OUCH! Did You Know? You Don’t Own Your Website Anymore!
OUCH! Did You Know?
You Don’t Own Your Website Anymore!
(Even Though You Paid For It!!)
What could be more in your business than ownership?
And what exactly is at the heart of your business – ownership of your valuable intellectual property.
And it involves outsourcing – the hiring of an independent contractor to develop valuable intellectual property for your business, such as:
- your website,
- your sales page,
- your software,
- your articles,
These are all examples of what intellectual property attorneys call “copyrightable authorship”.
And if you’re like most businesses, you probably assume that if you pay the contractor to create this stuff, you own it. Right?
Wrong, in most cases, in my experience in the trenches of my full-time Internet law practice. And here’s why.
The “Work Made For Hire Rules”
It’s all about the “work made for hire” rules of the U.S. Copyright Act.
Boiled down to its essence, here’s what the Copyright Act says:
“you will own the copyrights embodied in “copyrightable authorship”, created by your independent contractor (i.e. the person or entity who creates the work product), only if all three of these elements are satisfied:
- there is a written “instrument” (typically an agreement or contract),
- that is signed by the independent contractor, and
- which provides that the work product is a “work made for hire”.
And if any of these three elements is not satisfied, your independent contractor owns the work product, by default.
And that’s the result… even if you pay for it, in full!
All you get is a non-exclusive right to use the work product.
And it’s even questionable if you have rights to modify the work product.
You’d be surprised at how many business owners I see in my Internet law practice who are shocked to discover that they don’t own what they incorrectly assumed to be their valuable intellectual property.
And you’d be even more surprised at the cost in legal fees (and there’s no way to attach a value to the cost of headaches and anxiety involved) for resolving messes regarding ownership.
For example, work made for hire clauses should be in your agreements with contractors, including:
- consulting agreements,
- development agreements, and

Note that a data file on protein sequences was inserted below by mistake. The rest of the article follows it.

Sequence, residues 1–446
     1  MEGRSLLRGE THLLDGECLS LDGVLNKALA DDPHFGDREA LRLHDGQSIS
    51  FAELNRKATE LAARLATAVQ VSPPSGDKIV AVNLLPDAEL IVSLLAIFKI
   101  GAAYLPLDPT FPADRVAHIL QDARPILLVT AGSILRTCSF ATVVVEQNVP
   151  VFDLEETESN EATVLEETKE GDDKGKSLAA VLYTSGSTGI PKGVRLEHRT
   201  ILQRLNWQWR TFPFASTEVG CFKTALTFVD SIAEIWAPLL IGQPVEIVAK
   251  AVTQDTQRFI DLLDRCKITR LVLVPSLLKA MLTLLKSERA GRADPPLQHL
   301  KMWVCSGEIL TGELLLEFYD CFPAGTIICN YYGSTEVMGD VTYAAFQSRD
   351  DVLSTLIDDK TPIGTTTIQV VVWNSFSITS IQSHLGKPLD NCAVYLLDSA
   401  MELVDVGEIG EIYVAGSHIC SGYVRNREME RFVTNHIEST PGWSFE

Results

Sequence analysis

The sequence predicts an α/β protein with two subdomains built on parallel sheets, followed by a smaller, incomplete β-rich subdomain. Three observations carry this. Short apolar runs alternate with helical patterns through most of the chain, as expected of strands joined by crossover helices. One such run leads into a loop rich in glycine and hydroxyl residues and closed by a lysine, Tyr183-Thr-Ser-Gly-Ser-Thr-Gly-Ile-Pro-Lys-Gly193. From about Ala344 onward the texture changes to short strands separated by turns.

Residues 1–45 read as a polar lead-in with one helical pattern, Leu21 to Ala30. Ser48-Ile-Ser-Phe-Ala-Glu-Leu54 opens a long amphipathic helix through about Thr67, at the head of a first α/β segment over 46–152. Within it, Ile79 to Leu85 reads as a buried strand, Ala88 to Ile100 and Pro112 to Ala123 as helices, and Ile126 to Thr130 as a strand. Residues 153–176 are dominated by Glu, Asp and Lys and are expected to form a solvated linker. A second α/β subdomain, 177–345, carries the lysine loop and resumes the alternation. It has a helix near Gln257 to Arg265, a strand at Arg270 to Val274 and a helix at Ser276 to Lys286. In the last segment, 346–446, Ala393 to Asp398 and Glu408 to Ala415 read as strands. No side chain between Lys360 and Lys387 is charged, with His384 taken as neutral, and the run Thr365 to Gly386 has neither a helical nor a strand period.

- services agreements.
And if you make the mistake of not providing for work made for hire at the beginning of your relationship with a contractor, you’ll need these agreements to “reel in” the copyrights:
- a copyright assignment, or
- a website ownership and transfer agreement.
So, now you have a better understanding of the old cliché – that ignorance of the law is no excuse!
Life is so much easier if you understand the basic legal rules, plus have the required legal tools and documents at your fingertips.
So, What Do You Do If You’ve Run Afoul of Work Made For Hire?
The short answer is – you need to have the outsourcer sign a copyright assignment in your favor. This will have the effect of transferring the copyrights to you or your business.
If your outsourcer has completed the work, and there will be no future revisions or additions, then a straight forward copyright assignment will work.
However, if the outsourcer makes future revisions or additions, then you will need an additional clause transferring and assigning copyrights to these future works, to become effective automatically upon creation.
Here’s How To Make Sure You Own All Of Your Intellectual Property, and You’re Compliant, at the same time…
Without spending $7,500-$8,000 or more on Internet Attorneys.
Smart business owners around the world are doing it with the help of FTC Guardian.
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Remember: legal protection is a massively important part of your business, and it’s one you cannot afford to ignore any longer.
Disclaimer: This article is provided for informational purposes only. It’s not legal advice, and no attorney-client relationship is created. Neither the author nor FTC Guardian, Inc. is endorsed by the Federal Trade Commission.